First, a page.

Rocky Mountain Spotted Fever (cont.)
Mary D. Nettleman, MD, MS, MACP
Mary D. Nettleman, MD, MS, MACP is the Chair of the Department of Medicine at Michigan State University. She is a graduate of Vanderbilt Medical School, and completed her residency in Internal Medicine and a fellowship in Infectious Diseases at Indiana University.
Melissa Conrad Stöppler, MD
Melissa Conrad Stöppler, MD, is a U.S. board-certified Anatomic Pathologist with subspecialty training in the fields of Experimental and Molecular Pathology. Dr. Stöppler's educational background includes a BA with Highest Distinction from the University of Virginia and an MD from the University of North Carolina. She completed residency training in Anatomic Pathology at Georgetown University followed by subspecialty fellowship training in molecular diagnostics and experimental pathology.
In this Article
- Rocky Mountain spotted fever (RMSF) facts
- What is Rocky Mountain spotted fever?
- Where do most cases of RMSF occur in the U.S.?
- What is the history of Rocky Mountain spotted fever?
- What causes Rocky Mountain spotted fever?
- What are risk factors for Rocky Mountain spotted fever?
- What are symptoms and signs of Rocky Mountain spotted fever in children and adults?
- How is Rocky Mountain spotted fever diagnosed?
- What is the treatment for Rocky Mountain spotted fever in children and adults?
- What are complications of Rocky Mountain spotted fever?
- What is the prognosis of Rocky Mountain spotted fever in children and adults?
- How can people safely remove a tick?
- Can Rocky Mountain spotted fever be prevented?
- Where can people find more information on Rocky Mountain spotted fever?
- Pictures of Rocky Mountain Spotted Fever - Slideshow
- Pictures of Strep or Sore Throat - Slideshow
- Pictures of 10 Common Allergy Triggers - Slideshow
How is Rocky Mountain spotted fever diagnosed?
Physicians should consider RMSF in a patient who has fever, headache, and other compatible symptoms, especially if the person has recently visited an area where the disease is known to occur. Because the disease is caused by ticks, it is seasonal and should be considered in months when ticks are active. A history of tick exposure is helpful, but it is important to remember that most ticks do not carry R. rickettsii and that many tick bites go unnoticed. The rash may appear late in the course of disease or be very mild, so it is important to think of the disease even if the rash is not present. If the facts of the case make the diagnosis appear to be likely, treatment should not be delayed to wait for the rash or results of tests.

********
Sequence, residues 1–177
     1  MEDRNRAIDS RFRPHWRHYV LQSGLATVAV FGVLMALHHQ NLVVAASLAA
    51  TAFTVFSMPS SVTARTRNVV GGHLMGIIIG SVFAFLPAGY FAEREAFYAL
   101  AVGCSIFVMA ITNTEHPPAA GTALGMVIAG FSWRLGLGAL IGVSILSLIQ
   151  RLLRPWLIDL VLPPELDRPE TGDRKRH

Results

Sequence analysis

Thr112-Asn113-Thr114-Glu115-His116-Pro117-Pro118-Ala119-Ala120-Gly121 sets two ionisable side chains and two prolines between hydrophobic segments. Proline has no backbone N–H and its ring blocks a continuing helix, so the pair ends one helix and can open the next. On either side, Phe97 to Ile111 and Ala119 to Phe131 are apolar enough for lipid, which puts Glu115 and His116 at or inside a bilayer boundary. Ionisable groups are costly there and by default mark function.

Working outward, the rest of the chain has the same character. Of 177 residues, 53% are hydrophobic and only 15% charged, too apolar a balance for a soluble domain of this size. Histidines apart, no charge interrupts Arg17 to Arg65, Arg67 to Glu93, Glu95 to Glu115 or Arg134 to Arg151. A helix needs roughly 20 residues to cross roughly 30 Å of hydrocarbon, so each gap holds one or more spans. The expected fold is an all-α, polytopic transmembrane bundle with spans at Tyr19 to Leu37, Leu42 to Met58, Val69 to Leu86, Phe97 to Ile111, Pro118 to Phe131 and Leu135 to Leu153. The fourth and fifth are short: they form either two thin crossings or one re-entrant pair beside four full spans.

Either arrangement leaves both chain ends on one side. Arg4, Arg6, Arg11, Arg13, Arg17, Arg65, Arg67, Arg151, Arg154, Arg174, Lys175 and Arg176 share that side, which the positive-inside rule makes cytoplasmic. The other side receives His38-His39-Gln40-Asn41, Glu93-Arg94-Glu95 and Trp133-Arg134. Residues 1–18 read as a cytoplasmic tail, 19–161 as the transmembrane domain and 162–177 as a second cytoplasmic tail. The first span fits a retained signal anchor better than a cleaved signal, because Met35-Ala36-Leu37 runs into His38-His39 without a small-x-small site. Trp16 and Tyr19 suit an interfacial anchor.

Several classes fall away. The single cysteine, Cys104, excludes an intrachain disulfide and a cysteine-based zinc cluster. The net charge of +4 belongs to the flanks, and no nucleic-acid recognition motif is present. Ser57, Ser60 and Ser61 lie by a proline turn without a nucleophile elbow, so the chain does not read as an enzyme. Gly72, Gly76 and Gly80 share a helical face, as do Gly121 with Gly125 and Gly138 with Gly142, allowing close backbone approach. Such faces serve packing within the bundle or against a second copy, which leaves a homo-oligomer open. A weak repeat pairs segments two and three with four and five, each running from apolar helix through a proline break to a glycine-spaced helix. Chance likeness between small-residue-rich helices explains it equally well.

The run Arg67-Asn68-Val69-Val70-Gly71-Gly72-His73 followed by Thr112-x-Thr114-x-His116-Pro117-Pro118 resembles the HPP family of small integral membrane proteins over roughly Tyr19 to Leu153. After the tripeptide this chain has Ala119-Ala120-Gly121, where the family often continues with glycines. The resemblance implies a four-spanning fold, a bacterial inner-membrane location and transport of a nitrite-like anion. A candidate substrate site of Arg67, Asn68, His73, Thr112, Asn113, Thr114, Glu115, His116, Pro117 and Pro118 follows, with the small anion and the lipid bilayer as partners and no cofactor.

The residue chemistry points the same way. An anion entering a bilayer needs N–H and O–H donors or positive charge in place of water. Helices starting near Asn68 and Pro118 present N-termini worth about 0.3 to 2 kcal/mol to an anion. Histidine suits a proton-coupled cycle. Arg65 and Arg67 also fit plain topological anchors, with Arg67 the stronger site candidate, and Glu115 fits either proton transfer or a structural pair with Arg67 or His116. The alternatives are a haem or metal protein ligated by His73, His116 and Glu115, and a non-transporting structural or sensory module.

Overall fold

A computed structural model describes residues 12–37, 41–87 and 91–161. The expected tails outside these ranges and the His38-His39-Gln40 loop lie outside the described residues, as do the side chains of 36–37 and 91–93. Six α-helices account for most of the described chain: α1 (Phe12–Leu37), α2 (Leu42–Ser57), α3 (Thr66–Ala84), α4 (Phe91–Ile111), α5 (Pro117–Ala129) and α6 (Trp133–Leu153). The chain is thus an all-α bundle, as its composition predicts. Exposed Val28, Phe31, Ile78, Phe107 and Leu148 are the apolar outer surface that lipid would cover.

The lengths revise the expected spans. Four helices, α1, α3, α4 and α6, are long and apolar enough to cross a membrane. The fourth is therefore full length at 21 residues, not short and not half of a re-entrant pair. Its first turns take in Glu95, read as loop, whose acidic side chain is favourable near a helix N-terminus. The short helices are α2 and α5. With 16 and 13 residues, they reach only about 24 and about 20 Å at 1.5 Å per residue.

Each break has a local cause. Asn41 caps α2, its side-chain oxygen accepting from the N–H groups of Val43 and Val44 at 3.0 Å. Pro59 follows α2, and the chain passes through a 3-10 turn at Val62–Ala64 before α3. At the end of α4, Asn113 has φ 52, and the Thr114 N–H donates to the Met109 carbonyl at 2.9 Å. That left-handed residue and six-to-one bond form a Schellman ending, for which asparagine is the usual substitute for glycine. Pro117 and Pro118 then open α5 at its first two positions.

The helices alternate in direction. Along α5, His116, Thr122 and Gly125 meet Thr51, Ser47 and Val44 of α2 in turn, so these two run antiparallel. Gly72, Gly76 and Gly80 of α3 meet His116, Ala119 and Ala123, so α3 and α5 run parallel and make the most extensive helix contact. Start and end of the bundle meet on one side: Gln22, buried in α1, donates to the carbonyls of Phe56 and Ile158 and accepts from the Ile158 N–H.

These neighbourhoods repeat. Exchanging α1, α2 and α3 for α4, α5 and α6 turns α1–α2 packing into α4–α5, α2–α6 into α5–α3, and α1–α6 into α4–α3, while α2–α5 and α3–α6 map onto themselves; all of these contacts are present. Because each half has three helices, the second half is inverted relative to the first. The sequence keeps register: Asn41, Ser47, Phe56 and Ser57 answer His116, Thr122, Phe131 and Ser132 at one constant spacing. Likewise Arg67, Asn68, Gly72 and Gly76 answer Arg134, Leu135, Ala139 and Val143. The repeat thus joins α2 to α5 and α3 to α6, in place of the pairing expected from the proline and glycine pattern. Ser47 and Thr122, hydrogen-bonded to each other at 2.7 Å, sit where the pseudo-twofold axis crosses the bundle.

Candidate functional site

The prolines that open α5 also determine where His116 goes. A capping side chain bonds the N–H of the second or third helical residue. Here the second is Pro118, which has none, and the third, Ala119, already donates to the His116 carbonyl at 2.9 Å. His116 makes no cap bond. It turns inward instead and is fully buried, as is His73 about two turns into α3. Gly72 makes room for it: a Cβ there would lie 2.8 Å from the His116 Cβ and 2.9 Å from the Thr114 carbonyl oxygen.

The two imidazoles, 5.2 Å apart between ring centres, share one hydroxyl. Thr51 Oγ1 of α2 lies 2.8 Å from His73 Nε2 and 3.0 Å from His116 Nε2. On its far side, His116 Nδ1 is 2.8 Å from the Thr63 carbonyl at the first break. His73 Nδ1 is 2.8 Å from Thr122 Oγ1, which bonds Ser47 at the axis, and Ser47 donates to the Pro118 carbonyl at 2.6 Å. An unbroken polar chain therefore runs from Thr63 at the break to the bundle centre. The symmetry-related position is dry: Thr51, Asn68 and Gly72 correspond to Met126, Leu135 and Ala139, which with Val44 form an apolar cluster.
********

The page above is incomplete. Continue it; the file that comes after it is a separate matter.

RMSF is diagnosed through several methods. Using immunohistochemistry, a small piece of skin can be mixed with a special stain that allows the organism to show up under the microscope. Because the presence of the organism in skin may be patchy, a negative biopsy does not rule out the disease.
Blood can be tested for antibodies to the organism using techniques known as immunofluorescence (IFA) or enzyme immunoassays (ELISA or EIA). If a high concentration of antibody is found, it can be presumed that disease is present. It may take a week for antibodies to appear, so a negative titer does not completely rule out the disease. Blood can also be tested for antibodies at the onset of illness and again several weeks later to see if there is a substantial change in the titer. Other tests, such as the polymerase chain reaction (PCR) to detect the genetic material of the bacteria are available in research laboratories or from the U.S. Centers for Disease Control and Prevention (CDC) although they have not been standardized for general use.
R. rickettsii is difficult to culture and requires living host cells to grow. It is also dangerous to grow, because there have been cases of laboratory technicians getting sick while performing the culture. Only laboratories that are certified to handle this level of biohazard should attempt to culture the organism.
Most other laboratory findings are nonspecific, meaning that they cannot be used alone to make the diagnosis. White blood cell counts may be normal or increased slightly, or anemia may be present. Platelet counts may be decreased, especially in severe cases. Serum sodium levels are low in about half of patients, and liver enzyme tests in the blood may be elevated. If kidney failure occurs, the serum creatinine will be increased. If neurological symptoms occur, the spinal fluid may show increased numbers of white cells or an increased concentration of proteins.
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